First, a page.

The Psychology of Style in the Era of #Metoo
By Joanna Lovering
The #MeToo movement has shifted our culture. Survivors have been given a platform to speak the truth and tell their stories. Attackers have been outed. Sexual harassment policies have changed. In the past year-and-a-half, we’ve witnessed the incredible ripple effect of the movement.
Has #MeToo also affected us in more nuanced ways--like say, style? It’s not the first thing people think about when #MeToo comes to mind, but in reality, the movement has had a massive impact on the fashion industry. And perhaps even more importantly, it has changed the way we dress.
Michael Kors said in a 2018 Vogue article, “I’m now convinced more than ever that my job is to make women feel more confident and stronger for all occasions.” Kors’ Spring/Summer 2019 collection reflects that intention, featuring a combination of his signature bold patterns, fun ruffles, and tailored suiting...sometimes all in one look. Most importantly, the models for his show were people of all shapes, sizes, and ethnicities--what a beautifully positive thing!
Here are a few of the other standout fashion trends that have emerged in the wake of #MeToo:
Animal print: While animals' prints are meant to help them blend in with their surroundings, when we add them to our fashion, it implies something else. Wearing an animal print allows women to stand out, and is a signal to “watch out!” This trend speaks volumes about confidence and also entices people to stare ... from afar.
Tweed & check prints: Women are showing off their power by wearing these traditionally male prints in a no-frills way. This trend defies the notion of traditional femininity and shows us who is really in charge.
Utility-worker style: The quintessential function-meets-fashion trend that rejects the idea that some work is only for men. Women are no longer afraid to to get our hands--and clothes--dirty.
Modest silhouettes: Designers have been showing silhouettes are that pretty covered-up, with low hemlines and high necklines. There are also many hoods. While we certainly aren't turning into citizens of Gilead, this trend says that our skin doesn’t need to be out in order to be fashionable and feminine.
While trends are interesting, we also know that they’re dictated by trendsetters and executives within the fashion industry. So what about us? What about our personal style? Has the #MeToo movement gone that deep? Has it changed what we wear, and how we decide to wear it?
I believe the answer is yes.
The #MeToo movement is not just about speaking out against sexual harassers and abusers. That’s how it started, yes, but at its core, it urges all of us to be authentic and true to ourselves. Whether we’ve publicly said #MeToo, or just wrestled with the idea in private, the movement has changed how we show up in the world.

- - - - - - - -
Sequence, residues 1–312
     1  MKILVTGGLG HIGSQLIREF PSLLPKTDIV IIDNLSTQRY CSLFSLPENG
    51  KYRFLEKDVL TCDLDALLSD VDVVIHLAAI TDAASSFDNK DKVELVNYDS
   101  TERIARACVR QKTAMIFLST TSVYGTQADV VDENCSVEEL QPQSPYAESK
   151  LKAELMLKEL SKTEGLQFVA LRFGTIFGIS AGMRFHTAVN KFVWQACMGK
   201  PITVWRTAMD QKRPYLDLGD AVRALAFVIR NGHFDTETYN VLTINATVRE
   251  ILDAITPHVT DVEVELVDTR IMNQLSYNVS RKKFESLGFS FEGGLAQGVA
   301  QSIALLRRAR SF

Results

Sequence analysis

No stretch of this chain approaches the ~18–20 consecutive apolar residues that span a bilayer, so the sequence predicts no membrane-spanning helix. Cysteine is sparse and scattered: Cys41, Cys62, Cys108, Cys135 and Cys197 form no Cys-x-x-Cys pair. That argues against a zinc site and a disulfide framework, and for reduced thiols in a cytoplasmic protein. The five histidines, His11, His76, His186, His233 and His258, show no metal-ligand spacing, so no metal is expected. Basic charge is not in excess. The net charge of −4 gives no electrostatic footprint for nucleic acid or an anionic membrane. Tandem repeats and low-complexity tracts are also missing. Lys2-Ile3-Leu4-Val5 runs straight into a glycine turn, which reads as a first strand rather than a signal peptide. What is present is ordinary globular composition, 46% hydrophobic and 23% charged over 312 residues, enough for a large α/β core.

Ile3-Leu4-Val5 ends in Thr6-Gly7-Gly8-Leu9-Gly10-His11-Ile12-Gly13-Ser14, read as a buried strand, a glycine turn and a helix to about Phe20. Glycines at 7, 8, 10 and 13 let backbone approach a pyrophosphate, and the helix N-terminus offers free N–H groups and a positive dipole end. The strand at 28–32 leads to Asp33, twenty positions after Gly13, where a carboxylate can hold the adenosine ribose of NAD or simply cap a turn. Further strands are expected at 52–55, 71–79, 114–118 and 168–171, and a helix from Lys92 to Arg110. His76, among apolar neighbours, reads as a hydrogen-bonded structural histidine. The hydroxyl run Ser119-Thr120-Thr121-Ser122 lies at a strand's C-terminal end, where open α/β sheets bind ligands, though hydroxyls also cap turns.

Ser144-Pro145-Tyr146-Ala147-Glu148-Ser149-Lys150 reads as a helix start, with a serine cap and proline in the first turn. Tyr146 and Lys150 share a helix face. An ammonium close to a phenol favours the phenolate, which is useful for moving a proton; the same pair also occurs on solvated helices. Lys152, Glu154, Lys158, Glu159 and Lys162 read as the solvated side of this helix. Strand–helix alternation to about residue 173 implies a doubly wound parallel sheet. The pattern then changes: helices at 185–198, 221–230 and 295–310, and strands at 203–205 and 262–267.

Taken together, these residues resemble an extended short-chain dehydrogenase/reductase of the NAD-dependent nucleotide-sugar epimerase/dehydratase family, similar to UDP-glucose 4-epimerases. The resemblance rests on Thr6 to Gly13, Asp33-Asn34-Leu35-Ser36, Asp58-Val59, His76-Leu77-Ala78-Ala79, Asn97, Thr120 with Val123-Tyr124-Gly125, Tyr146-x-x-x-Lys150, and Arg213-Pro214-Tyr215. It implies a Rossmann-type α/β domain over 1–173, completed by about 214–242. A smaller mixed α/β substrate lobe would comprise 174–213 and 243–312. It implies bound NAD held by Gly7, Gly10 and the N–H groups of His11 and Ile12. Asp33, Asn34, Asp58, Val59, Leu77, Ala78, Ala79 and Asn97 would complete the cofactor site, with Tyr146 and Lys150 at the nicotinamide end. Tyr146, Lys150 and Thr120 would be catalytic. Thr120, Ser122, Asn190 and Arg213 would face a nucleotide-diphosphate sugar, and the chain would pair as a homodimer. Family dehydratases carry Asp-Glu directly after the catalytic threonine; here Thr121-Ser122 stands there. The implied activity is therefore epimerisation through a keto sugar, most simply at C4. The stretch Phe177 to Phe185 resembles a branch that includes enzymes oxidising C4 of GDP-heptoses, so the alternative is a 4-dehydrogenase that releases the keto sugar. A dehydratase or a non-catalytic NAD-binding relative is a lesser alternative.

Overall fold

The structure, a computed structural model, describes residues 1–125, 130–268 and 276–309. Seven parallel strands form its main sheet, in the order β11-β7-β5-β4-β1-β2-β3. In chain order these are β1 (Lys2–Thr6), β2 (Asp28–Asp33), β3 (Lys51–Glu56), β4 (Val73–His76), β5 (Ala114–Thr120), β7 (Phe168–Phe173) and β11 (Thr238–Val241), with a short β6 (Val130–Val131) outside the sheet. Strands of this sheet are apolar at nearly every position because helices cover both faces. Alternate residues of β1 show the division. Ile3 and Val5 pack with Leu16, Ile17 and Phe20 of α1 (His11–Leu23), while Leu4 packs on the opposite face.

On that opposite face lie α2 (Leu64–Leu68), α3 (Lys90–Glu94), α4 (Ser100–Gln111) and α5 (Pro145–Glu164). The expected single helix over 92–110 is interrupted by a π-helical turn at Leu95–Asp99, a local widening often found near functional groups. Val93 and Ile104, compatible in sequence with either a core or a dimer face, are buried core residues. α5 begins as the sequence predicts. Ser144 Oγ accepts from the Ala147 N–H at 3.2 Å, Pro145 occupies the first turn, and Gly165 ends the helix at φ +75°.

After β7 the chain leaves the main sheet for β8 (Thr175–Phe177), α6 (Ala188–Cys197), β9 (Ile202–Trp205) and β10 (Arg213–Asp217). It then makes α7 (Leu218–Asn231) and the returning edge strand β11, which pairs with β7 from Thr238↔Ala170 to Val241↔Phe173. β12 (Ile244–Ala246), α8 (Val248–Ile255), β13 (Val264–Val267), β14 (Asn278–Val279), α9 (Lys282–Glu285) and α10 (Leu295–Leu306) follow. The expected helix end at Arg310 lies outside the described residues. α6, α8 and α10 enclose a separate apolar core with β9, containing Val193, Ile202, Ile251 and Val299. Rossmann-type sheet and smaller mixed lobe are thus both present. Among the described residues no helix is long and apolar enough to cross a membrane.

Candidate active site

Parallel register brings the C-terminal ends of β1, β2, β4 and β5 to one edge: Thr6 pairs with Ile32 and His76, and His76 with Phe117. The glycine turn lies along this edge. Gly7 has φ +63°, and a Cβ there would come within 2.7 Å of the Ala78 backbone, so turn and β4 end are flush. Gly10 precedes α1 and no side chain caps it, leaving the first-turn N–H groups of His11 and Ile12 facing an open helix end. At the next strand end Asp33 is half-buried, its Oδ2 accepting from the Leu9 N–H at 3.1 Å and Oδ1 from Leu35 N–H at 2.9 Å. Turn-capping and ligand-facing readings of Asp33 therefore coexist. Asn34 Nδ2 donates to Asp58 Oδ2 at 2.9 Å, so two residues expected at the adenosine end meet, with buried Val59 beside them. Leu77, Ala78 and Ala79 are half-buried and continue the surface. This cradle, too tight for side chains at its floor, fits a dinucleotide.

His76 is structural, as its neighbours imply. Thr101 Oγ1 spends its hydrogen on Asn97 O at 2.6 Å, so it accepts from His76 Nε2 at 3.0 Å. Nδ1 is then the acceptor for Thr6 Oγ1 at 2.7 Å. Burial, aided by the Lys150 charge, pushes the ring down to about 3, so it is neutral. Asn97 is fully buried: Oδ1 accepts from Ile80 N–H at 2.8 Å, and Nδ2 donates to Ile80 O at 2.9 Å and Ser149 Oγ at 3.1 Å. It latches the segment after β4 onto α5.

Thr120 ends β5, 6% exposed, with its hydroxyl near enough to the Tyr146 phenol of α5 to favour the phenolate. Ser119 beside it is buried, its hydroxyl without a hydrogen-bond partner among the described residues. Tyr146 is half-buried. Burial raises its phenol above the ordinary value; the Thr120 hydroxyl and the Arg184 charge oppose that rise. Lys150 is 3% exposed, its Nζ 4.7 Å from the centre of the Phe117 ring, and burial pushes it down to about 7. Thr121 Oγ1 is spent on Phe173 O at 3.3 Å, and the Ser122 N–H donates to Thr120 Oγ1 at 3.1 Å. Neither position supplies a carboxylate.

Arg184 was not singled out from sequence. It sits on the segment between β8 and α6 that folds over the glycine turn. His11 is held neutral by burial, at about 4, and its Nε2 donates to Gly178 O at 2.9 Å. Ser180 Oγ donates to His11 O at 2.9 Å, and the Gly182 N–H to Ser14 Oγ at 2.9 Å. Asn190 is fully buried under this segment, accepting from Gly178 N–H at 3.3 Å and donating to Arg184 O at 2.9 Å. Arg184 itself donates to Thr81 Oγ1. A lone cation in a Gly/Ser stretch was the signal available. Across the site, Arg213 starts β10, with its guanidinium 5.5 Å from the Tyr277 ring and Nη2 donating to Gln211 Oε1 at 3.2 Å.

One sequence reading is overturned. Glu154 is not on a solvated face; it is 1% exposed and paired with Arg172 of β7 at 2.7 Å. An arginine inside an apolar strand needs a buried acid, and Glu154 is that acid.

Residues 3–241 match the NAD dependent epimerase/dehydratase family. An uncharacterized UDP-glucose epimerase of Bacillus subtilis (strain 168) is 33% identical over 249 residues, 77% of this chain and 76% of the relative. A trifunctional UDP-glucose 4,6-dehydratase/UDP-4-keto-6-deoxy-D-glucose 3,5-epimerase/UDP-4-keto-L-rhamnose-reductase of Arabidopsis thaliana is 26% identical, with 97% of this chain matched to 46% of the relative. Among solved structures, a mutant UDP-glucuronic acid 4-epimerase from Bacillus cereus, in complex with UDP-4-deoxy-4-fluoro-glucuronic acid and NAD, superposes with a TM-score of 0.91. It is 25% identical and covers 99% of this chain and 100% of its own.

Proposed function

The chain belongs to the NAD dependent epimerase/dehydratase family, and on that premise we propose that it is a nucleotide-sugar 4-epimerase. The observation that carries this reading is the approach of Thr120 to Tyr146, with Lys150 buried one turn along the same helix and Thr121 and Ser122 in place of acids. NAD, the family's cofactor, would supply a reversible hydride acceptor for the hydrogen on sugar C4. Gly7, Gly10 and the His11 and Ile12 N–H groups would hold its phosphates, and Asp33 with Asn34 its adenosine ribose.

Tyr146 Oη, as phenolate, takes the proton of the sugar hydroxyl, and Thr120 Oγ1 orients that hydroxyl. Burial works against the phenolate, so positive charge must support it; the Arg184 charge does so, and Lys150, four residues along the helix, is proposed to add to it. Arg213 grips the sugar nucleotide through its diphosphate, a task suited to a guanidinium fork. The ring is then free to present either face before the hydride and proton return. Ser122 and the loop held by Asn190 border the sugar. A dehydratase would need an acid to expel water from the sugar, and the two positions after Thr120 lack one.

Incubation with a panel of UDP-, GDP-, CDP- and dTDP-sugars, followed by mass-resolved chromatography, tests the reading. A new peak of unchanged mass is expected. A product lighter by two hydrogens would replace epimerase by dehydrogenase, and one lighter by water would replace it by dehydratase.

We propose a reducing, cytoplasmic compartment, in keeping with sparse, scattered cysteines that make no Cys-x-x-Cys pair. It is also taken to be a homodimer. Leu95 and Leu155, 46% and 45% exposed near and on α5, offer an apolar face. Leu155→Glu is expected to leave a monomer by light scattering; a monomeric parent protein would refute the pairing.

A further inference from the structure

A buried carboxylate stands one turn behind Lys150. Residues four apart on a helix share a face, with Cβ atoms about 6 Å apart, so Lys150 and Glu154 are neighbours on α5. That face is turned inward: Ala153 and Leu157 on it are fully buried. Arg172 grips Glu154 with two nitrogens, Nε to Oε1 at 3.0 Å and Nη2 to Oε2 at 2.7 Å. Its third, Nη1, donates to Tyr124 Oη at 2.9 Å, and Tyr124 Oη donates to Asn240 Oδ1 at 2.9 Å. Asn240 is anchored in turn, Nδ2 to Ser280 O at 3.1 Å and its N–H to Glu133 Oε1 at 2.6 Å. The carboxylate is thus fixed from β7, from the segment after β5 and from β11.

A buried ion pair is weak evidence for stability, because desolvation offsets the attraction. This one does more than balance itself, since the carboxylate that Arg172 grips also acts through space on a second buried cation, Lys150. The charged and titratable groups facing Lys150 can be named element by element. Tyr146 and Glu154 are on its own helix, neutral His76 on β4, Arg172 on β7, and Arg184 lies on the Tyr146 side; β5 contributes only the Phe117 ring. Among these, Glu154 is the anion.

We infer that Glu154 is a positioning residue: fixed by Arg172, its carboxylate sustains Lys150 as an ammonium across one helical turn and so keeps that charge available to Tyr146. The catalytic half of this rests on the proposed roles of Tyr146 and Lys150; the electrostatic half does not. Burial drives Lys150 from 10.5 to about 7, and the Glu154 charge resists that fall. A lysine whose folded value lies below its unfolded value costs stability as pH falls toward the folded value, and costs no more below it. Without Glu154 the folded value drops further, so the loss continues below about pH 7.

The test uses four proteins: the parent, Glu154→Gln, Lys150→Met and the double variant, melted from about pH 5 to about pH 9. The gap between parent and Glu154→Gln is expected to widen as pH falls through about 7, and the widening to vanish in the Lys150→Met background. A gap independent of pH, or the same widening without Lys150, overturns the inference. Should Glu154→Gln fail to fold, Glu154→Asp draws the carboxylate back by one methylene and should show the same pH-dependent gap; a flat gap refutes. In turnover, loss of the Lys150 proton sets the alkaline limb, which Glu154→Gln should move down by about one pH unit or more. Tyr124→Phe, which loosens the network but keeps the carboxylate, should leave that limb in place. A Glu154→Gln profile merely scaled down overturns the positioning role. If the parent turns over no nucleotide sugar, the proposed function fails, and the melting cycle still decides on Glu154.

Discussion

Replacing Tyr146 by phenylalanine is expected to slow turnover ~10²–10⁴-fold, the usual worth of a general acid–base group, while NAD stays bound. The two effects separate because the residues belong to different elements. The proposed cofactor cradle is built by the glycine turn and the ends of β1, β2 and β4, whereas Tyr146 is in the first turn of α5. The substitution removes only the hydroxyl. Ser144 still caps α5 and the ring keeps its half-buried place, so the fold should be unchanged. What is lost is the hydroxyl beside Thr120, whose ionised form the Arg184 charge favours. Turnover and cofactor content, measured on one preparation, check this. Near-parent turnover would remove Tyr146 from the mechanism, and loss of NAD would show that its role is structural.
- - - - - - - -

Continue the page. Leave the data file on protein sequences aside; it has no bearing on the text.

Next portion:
And that means our style has shifted, too. Keep in mind that personal style is different than fashion: style is a way of life, an identity marker, a presentation of truth about ourselves. It might not necessarily bend to trends that designers are showcasing, but it does bend to how we see ourselves.
And when we feel authentic and know our own self-worth, our style reflects it. Our style might mean you embrace your je ne sais quoi by wearing bright colors or patterns, even though you work in a conservative environment. I’ll never forget the day I wore a bright coral blazer to the office, turned some heads, and yet felt more “me” than I had in my New York City blacks and greys.
Or it could mean you accept your body as it is today, instead of 25 pounds ago, and you experiment with silhouettes that you had previously deemed “off limits” for this version of yourself. You tuck that shirt in, show your bare arms, or wear a more body-conscious dress.
You might even change your hairstyle or color, getting away from the “signature” look that you--and everyone else around you--is comfortable with. It’s fun to see what happens when you embrace a style or color that is more true to your identity in that moment.
Ultimately, when we love ourselves in the most unabashedly, brazenly, blatantly, publicly, full way possible, it’s reflected in how we choose to dress every day. Our style is just reinforcing what we feel on the inside: confident, truly authentic, and free to be ourselves.
And our man Michael Kors agrees: “I think women need to be able to express themselves in whatever manner they feel appropriate for their lives and their personal style. There should be no one way to dress in today’s world.”
Finding our authenticity--and our authentic style--is a lifelong project. But because of #MeToo, we’ve taken a big step closer.
Joanna Lovering is the founder and CEO of Copper + Rise, a New York City-based style coaching service dedicated to personal and professional empowerment through wardrobe.